I eavesdropped on Sam as he brought up sex or something of the sort. He seemed a little queer to me, but as it turns out, my queer radar is terrible. I asked him if he preferred men or women and he looked at me like I was an alien.
“Sorry, I don’t care either way, I was just curious.” Cue the social awkwardness, and this is why you suck at meeting people. He shot me a dirty look; I apologised again and got up.
I made my way over to sit with Mariel. She’d recently lived in Montreal so we shared stories about shows and snowy days, and she gave me the scoop on San Pedro. A group of guys broke into song and I took a joint that was passed my way. I tried to learn the Israeli card game, but couldn’t understand the rules. I fumbled a cigarette out of my pack, resolving to smoke and watch instead. The smoke was thick and tangy, and my mouth became pasty. I stubbed out the cigarette and headed for the kitchen. Adrian stood by the fridge, reaching behind it to add his empty bottle to a growing collection on the windowsill.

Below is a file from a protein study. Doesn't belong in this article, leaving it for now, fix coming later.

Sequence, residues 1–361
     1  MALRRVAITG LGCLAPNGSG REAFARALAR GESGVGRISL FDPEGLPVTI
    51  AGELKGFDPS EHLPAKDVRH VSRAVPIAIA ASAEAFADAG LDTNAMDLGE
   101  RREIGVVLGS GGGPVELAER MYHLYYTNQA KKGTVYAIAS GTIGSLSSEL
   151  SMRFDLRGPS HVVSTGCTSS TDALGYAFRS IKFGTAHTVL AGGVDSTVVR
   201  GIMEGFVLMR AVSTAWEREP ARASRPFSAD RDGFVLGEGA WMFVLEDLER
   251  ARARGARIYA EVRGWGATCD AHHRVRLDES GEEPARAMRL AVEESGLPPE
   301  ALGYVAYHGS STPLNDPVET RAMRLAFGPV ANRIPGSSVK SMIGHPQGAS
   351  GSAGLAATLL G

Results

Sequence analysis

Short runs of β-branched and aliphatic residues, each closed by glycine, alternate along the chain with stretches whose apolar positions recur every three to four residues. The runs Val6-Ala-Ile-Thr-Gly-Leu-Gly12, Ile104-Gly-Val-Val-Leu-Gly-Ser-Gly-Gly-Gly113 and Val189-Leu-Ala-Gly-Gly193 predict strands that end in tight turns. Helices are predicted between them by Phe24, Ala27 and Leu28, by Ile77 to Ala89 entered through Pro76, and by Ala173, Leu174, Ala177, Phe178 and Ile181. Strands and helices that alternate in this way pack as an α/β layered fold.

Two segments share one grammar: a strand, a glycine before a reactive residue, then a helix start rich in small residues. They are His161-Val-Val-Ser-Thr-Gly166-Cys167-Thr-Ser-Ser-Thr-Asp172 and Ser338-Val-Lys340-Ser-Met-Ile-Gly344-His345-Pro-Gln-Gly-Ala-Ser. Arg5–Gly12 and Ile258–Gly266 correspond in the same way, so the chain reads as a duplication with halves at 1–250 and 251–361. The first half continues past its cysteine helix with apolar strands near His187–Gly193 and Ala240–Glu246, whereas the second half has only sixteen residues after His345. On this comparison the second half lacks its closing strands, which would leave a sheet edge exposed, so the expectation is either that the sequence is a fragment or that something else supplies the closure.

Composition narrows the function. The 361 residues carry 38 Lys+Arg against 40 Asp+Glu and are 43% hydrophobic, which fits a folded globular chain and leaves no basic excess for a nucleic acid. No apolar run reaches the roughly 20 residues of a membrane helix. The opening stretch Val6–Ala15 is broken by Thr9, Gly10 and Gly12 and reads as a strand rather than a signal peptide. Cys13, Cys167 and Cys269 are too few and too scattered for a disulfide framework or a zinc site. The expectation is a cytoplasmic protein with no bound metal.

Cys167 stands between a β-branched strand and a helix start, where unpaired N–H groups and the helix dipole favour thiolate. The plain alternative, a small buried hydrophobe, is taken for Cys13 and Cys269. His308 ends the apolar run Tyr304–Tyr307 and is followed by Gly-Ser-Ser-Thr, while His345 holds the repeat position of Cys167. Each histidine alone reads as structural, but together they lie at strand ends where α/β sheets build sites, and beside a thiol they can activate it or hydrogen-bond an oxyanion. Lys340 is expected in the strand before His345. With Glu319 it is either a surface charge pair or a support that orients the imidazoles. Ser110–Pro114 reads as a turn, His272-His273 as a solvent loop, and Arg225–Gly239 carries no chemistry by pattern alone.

“It’s all I’ve drunk since I’ve been here.” He leaned backwards into the counter and rambled on about something unintelligible. I laughed as he stumbled out of the kitchen only to fall down in the garden.
“Shit,” I said, half-skipping over. A guy tried to help him up, but Adrian groaned. We decided it was best to let him be.
I got a glass of water and went back to sit with Julia. As I sat down, I overheard Sam talking to Darren. “I will give you three chocolates” he said, “if you stick your dick in her face.” I froze, my head foggy with weed and wine.
“I just have to, what, stick my dick in Nina’s face?”
“Excuse me?” I turned around. “You think he can just stick his dick in my face?”
“Well, for three chocolates.”
I looked to Darren, who sat thinking about the proposal. “Are you fucking serious?”
Darren shrugged; Sam passed him the drugs. Challenge and satisfaction permeated Sam’s smile, and it hit me, this is going to happen. Sam was determined and I was too inebriated to walk away.